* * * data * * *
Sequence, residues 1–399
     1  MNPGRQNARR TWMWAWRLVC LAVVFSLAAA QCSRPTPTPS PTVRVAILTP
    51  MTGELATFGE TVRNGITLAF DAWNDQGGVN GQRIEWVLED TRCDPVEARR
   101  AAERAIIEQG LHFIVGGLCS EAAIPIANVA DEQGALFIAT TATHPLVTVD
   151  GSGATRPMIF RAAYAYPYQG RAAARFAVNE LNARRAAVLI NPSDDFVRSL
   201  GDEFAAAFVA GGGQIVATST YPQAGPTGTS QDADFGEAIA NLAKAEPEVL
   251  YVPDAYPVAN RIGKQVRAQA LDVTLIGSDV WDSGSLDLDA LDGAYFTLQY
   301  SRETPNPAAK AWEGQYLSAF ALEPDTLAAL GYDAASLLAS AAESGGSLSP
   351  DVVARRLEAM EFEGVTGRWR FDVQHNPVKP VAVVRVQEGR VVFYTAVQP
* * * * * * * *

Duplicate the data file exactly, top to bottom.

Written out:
Sequence, residues 1–399
     1  MNPGRQNARR TWMWAWRLVC LAVVFSLAAA QCSRPTPTPS PTVRVAILTP
    51  MTGELATFGE TVRNGITLAF DAWNDQGGVN GQRIEWVLED TRCDPVEARR
   101  AAERAIIEQG LHFIVGGLCS EAAIPIANVA DEQGALFIAT TATHPLVTVD
   151  GSGATRPMIF RAAYAYPYQG RAAARFAVNE LNARRAAVLI NPSDDFVRSL
   201  GDEFAAAFVA GGGQIVATST YPQAGPTGTS QDADFGEAIA NLAKAEPEVL
   251  YVPDAYPVAN RIGKQVRAQA LDVTLIGSDV WDSGSLDLDA LDGAYFTLQY
   301  SRETPNPAAK AWEGQYLSAF ALEPDTLAAL GYDAASLLAS AAESGGSLSP
   351  DVVARRLEAM EFEGVTGRWR FDVQHNPVKP VAVVRVQEGR VVFYTAVQP